The Open University has widened access to academic research material – available through its Open Access search facility CORE– thanks to technical leaps in this innovative system created by the OU’s Knowledge Media Institute (KMi).
CORE – which stands for Connecting Repositories - has seen unprecedented success in the past year and has more than tripled in size, now offering content from a global network of repositories, freely available to scholars worldwide.
CORE – COnnecting REpositories – provides a large easy-to-search database to help academics, researchers and students to find, explore and download research papers. When the service was first launched in 2011 CORE could source material in 60 repositories – today it aggregates data from over 230 internationally plus content from thousands of Open Access journals acquired through the Directory of Open Access Journals (DOAJ). This means the service holds more than nine million metadata items and about half a million full text files. Funding from JISC is permitting the project to develop further analytical processes with DiggiCORE project, which will utilise social media tools.
Unlike other Open Access scholarly search systems, CORE also aggregates the full-text files, and not only metadata, and therefore ensures the publication full-texts are freely available for download. Users of commercial academic search systems, such as Google Scholar, can be denied access to the full article, particularly when subscription fees are required. This is often frustrating for scholars. CORE specialises in searches of the full-text items held in approved Open Access repositories, ensuring a vastly improved level of accessibility for users. Anyone searching for full texts on CORE will therefore be able to download all content they discover.
CORE offers a unique application interface (API) that makes it possible for others to easily build applications utilising the Open Access content. The CORE API has a lot potential. “For example, it allowed us to build an application that enables people to search for Open Access content from mobile devices or to develop a content recommendation plug in for libraries,” says Peter Knoth, the software designer and founder of the CORE system.
The reason for CORE’s success rise is clear, says Peter: “A huge amount of research papers has been available online as Open Access, but there was limited technical infrastructure that would support different kinds of users in exploiting it. CORE is not only a search system, it is a free platform for developing applications that need access to the full-text of research articles. A very large amount of data is now available through the CORE API. The CORE Linked Open Data repository has this month already grown to 100 million RDF triples making it by far the largest Linked Open Data repository at the Open University.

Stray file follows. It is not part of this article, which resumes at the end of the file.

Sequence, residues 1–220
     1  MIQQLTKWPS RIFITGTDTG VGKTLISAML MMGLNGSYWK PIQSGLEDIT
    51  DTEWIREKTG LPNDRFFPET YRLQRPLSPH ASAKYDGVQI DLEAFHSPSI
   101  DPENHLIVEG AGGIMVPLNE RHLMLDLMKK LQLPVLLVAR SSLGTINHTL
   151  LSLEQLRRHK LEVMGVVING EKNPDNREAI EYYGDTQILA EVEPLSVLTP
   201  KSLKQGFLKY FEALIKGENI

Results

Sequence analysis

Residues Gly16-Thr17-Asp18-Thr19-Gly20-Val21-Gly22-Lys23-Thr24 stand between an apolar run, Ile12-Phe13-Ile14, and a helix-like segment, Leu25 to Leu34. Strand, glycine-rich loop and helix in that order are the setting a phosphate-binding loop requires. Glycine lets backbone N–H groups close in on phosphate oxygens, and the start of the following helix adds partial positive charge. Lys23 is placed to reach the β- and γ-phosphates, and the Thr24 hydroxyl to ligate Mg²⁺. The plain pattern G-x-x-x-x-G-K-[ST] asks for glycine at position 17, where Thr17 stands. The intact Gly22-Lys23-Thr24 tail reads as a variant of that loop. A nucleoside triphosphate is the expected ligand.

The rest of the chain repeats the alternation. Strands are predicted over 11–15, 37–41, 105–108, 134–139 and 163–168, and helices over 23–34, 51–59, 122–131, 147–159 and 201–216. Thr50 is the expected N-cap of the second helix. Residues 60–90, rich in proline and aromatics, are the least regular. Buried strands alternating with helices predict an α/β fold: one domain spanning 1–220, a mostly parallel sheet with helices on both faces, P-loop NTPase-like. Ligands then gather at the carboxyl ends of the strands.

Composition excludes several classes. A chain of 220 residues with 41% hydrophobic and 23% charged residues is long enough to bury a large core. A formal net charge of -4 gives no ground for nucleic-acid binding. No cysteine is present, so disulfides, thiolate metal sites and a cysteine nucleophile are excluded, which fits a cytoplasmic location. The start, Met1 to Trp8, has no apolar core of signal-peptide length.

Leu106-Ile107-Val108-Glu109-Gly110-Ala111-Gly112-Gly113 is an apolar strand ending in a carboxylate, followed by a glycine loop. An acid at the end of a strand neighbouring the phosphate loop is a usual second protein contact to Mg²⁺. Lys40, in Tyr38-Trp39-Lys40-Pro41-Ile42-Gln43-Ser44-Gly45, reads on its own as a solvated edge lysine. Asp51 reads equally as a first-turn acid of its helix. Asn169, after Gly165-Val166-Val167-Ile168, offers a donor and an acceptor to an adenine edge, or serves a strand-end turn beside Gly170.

“CORE has created a resource which offers some intriguing possibilities. The API to the aggregation puts this valuable information into the hands of researchers and developers and offers them the chance to use it in new and better ways.” says Andy McGregor, the JISC manager of the Resource Discovery programme.
“The strength of CORE is that it can be applied in multiple scenarios. In addition to searching for scientific publications, we expect the CORE infrastructure to be used for analytical and research purposes, ” says Zdenek Zdrahal, the director of the CORE project.
“The CORE platform has become a basis for the development of new services and motivates further research,” says Zdenek. In the currently running JISC funded DiggiCORE project, which is a collaboration of the Open University and the European Library, the CORE system is used as a platform for analysing networks of research publications to help better understand the properties of high impact publications and influential authors. But components of the CORE system are also likely to find its use in future projects.
CORE is now available for flexible use online and on mobile devices and tablets and is already benefiting journals, scholars, at conferences and as technical support answering the demand for Open Access to academic research papers.
For further information contact Christine Drabwell, Christine.firstname.lastname@example.org, 01908 858673, 07990 827027
Notes for Editors
Knowledge Media Institute
The Knowledge Media Institute (KMi) was set up in 1995 in recognition of the need for the Open University to be at the forefront of research and development in a convergence of areas that impacted on the OU's very nature: Cognitive and Learning Sciences, Artificial Intelligence and Semantic Technologies, and Multimedia. We chose to call this convergence Knowledge Media.
Knowledge Media is about the processes of generating, understanding and sharing knowledge using several different media, as well as understanding how the use of different media shape these processes.